Every few days I read, with mounting fascination and horror, the blog of a man whose writing I admire immensely. BPG holds a senior position in a large and profitable company and he regales us with tales of what it is like to live on Management Row.
He speaks in metaphors and his dry humor leads us easily through episodes of corporate life that are amusing and chilling by turns.
His blog illustrates clearly that one can appear to be in a position of great power, yet be unable to exert effective control over the future of an organization.
There is no false note in any of his accounts. The episodes are so real they bring back memories I would rather forget. The saving grace is that he describes his corporate existence with a wry detachment that keeps it from being a complete downer.
His blog presents me with a quandry. I am drawn back time after time by the fact that his writing is superb and his deft humor is unique. On the other hand, I am strongly reminded of having held similar positions, where I too could only comment wryly on non-optimum situations and felt that I was unable to change them for the better.
The Big Picture Guy doesn’t complain about his lot, nor is he indifferent. However, he tells us more then we want to know about the empty and lonely life of people near the top of an organization. They form fleeting alliances in an attempt to keep things moving, but one gets the uncomfortable feeling of hopelessness that settles over them when the emergencies are over.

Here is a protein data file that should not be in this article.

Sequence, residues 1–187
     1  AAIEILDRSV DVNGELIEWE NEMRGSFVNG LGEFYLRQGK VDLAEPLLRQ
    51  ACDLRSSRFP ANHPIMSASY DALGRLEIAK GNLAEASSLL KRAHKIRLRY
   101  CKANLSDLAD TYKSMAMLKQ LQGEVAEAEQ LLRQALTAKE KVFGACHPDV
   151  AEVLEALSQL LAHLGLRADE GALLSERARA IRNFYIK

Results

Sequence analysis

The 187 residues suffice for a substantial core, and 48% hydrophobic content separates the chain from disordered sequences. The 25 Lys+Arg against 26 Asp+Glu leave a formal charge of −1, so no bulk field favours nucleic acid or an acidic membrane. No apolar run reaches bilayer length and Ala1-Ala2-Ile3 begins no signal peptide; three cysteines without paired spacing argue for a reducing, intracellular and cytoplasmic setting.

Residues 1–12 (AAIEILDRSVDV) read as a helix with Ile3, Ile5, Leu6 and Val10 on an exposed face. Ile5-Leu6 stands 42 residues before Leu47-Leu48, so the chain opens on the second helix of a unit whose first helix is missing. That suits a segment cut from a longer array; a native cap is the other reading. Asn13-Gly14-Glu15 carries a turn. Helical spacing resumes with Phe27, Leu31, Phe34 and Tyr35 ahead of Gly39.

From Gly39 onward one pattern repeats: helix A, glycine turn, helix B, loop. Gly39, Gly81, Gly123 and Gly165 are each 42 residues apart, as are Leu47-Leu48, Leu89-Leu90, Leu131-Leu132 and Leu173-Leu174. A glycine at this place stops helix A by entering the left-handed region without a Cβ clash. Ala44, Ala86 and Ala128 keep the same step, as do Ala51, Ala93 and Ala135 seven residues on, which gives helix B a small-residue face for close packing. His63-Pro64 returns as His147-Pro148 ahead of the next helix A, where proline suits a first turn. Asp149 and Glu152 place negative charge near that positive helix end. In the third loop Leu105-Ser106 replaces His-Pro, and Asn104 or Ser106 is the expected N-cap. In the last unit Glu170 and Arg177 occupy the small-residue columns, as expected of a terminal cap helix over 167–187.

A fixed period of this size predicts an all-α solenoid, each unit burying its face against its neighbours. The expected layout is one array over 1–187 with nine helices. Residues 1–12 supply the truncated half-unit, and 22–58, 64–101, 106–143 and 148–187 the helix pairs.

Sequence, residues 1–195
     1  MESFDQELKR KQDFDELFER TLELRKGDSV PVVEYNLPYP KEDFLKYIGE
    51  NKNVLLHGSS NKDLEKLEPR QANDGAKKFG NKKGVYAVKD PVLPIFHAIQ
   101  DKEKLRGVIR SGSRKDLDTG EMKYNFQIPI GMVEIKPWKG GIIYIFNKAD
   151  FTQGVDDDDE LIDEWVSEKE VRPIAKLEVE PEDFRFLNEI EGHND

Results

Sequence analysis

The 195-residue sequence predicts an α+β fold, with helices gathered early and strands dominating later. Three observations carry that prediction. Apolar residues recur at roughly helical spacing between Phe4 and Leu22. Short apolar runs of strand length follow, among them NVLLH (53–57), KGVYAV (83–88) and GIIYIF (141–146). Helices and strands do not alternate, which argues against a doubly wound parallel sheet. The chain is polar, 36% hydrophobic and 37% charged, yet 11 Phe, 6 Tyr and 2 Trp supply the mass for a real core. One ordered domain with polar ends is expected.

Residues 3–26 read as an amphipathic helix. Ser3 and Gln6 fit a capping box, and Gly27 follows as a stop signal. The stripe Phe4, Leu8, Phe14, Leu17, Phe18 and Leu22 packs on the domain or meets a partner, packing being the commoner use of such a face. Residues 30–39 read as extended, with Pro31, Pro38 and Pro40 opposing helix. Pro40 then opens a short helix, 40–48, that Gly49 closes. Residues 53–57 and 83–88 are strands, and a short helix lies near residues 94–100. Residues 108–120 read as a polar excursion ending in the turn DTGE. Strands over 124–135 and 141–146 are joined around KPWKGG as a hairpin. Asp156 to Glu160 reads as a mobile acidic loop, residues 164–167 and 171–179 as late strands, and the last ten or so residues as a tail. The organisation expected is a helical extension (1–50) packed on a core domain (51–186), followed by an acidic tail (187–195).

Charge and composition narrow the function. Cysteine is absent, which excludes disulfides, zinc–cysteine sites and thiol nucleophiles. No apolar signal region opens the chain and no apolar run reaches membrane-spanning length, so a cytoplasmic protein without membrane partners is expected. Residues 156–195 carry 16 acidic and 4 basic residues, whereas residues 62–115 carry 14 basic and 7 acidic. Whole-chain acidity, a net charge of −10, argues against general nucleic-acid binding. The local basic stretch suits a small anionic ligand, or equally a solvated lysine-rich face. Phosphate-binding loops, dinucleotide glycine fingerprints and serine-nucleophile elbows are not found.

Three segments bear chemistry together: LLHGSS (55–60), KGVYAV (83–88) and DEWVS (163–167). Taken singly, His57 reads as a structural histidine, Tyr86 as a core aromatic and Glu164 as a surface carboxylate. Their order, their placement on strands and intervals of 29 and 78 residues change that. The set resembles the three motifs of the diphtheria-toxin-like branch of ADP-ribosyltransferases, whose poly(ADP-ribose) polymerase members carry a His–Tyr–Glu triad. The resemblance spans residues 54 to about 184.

There are people in his organization that have enthusiasm and talent, but he reveals to us the dead ends these people face. He is not unsympathetic, but his posts reveal a pervading sense of being powerless to change things for the better.
I have been there and done that myself, and finally concluded that it was healthier to be in charge of my destiny, rather than to be a well-compensated cog in an industrial machine. I still say that, even at a fraction of my former salary.
Big Picture Guy may be biding his time for a spectacular breakout. I surely hope so. It has been done before, and it is certainly exciting. Nineteen of us jumped ship to form a new company in the Seventies and it was a wild ride while it lasted.
It is a better fate than the slow death that comes from endless safe decisions. That is like being bitten to death by ducks. The process is extremely painful and it never ends.
Some of you have been there, I’m sure. Care to comment?